The plight of refugees and migrants from South America grows more drastic and their fate more uncertain. Refugee Stories are testimonies from children, adults, and families, gathered by the Salvadorean Lutheran Church, our companion synod in El Salvador, and CARECEN, an organization working to change the immigration system, win legal status for immigrants, and foster community activism. These stories are a tool and a witness for Refugee and Migrant Sunday and beyond; please share them with your congregations and ministries.
“I cannot return to Honduras because I will be killed, either by my ex-partner or gang members.
“Several years ago, gang members murdered my husband. They mistook him for someone else and shot him in the street. I was left with three children to raise on my own. The gangs were angry because I spoke to the police when my husband was murdered, and I was so afraid that they would hurt me or my children. The police didn’t do much in investigating my husband’s murder anyway.
“Eventually, I got together with my ex-partner, Diego. I thought he could help me support my children and be a father figure to them, but once he moved in with us, he became extremely abusive. He would beat me often, and one time, he beat me so badly that he broke the bones in my hand. He was very controlling and wouldn’t let me get any medical treatment, so the bones healed poorly and are painful and twisted to this day.
“Diego’s presence also did nothing to protect us from the gangs. Gang members constantly harassed my teenage son to join them, and when he refused, they shot him too. I didn’t think I could take his death after losing his father, but thankfully he survived. After he was shot, my son stopped going to school and stayed at home to avoid any further problems. We were too poor to move to another part of Honduras, and Diego wouldn’t let me leave even if I had been able to.
“Once my son stopped leaving the house, the gangs started harassing my daughter, demanding that she join the gang. She was only 14 years old. When she refused, they threatened to rape and kill her. She came home terrified and even though the police didn’t help much when my husband was killed, I reported the threats to them in hopes that they could help protect my daughter. The gang members found out right away that I had reported the threats; I think someone at the police station told them I had been there.
“The gang members came to our house later that night and were very angry. They said they would rape me and my daughter, torture and kill us if we did anything else to defy them. My daughter stopped going to school after that, and I decided to take the risk to leave the country. Two of my children were too scared to go to school, and I knew it was just a matter of time before the gang members killed one of them. However, Diego didn’t want to let us leave, and told me he would tell the gang members if I tried to get away.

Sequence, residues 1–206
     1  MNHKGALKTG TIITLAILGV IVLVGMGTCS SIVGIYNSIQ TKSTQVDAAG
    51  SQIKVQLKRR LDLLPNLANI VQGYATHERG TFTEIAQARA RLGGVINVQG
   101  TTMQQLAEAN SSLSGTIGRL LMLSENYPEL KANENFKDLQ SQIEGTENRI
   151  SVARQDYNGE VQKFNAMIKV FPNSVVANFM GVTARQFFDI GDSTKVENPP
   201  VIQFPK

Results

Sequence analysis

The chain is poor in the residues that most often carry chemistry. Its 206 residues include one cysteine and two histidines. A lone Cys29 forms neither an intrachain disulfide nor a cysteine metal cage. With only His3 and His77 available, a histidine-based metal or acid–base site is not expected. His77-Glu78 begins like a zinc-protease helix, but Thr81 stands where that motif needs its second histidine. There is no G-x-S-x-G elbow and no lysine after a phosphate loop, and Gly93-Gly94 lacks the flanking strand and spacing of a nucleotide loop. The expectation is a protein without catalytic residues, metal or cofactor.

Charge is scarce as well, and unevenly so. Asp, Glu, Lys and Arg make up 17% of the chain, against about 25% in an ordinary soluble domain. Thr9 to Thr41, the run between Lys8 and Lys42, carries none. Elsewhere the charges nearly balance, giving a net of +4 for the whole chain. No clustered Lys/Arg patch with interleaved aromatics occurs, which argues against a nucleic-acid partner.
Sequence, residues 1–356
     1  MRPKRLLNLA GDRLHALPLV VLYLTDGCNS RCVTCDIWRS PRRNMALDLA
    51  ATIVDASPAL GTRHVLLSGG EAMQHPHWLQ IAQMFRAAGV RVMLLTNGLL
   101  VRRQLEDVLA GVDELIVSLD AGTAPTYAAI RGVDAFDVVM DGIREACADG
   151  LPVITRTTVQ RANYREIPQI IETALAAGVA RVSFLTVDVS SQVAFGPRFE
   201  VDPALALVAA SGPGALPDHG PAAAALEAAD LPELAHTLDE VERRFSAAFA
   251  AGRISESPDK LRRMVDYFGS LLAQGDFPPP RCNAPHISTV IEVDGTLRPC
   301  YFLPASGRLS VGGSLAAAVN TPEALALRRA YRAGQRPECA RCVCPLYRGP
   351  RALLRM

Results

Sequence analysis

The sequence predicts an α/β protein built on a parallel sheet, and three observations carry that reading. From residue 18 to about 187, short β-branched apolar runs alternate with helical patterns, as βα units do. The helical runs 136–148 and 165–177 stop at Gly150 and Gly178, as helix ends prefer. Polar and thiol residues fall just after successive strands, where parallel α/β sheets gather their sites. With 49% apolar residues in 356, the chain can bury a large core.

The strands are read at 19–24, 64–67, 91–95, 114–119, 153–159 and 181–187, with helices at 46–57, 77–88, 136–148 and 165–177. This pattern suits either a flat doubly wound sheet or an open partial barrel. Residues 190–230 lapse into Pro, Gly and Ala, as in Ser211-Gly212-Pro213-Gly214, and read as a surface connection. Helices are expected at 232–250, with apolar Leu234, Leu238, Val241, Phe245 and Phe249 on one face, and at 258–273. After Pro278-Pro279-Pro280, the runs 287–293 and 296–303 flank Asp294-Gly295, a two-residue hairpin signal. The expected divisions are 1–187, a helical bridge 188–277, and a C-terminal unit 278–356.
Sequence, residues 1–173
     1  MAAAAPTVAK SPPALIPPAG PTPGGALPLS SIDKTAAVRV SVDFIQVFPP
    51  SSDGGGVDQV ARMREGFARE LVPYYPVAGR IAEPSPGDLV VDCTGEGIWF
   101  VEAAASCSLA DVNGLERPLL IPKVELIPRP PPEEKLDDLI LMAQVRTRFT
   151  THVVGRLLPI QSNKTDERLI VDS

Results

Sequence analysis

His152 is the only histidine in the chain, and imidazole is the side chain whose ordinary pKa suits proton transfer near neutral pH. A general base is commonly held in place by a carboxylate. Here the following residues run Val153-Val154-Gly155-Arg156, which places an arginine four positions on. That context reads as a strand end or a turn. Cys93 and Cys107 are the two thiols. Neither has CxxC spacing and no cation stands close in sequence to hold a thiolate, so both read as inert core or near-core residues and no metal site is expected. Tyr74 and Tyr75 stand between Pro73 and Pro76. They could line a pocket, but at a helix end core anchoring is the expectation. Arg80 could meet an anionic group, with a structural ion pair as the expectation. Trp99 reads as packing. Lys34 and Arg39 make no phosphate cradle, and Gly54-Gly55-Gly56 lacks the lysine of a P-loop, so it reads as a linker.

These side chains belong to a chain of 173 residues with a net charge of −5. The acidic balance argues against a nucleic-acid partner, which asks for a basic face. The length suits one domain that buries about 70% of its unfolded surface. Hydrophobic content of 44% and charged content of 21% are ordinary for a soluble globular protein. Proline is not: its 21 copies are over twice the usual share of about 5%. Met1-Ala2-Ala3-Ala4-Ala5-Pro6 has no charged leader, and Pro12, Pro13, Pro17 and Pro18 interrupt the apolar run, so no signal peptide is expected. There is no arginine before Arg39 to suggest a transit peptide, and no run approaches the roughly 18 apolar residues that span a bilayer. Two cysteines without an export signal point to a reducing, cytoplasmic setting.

“I was terrified but I knew I had to save my children’s lives. One night, when Diego was out, we fled, taking almost nothing with us. Diego followed us and caught up with us in Guatemala, but he was caught by the Guatemalan authorities and sent back to Honduras. My three children and I continued our journey and finally made it to the United States. We asked for protection at the border and were detained for a short time before being released to a family friend in Los Angeles.
“The friend did not let us stay for very long because I wasn’t able to find a job; it was very hard for me to find work without a work permit. My children and I were homeless, and slept in a friend’s car and even in a park before we were able to find a place to live. It was very frightening to stay in the park; I stayed awake all night to make sure no one tried to hurt my children. Eventually, another friend took us in and let us stay.
“I am doing what I can to make money but I barely make enough to feed my children. I can’t afford a lawyer, and I can’t get a work permit until after I submit my asylum application. The court says I can’t fill out the form in Spanish and I can’t afford to pay anyone to help me. Even though it has been hard since we arrived, I am grateful that my children are safe, but fear what will happen if we are deported. I am scared that we won’t win our case because I will have to represent myself and my children in court.”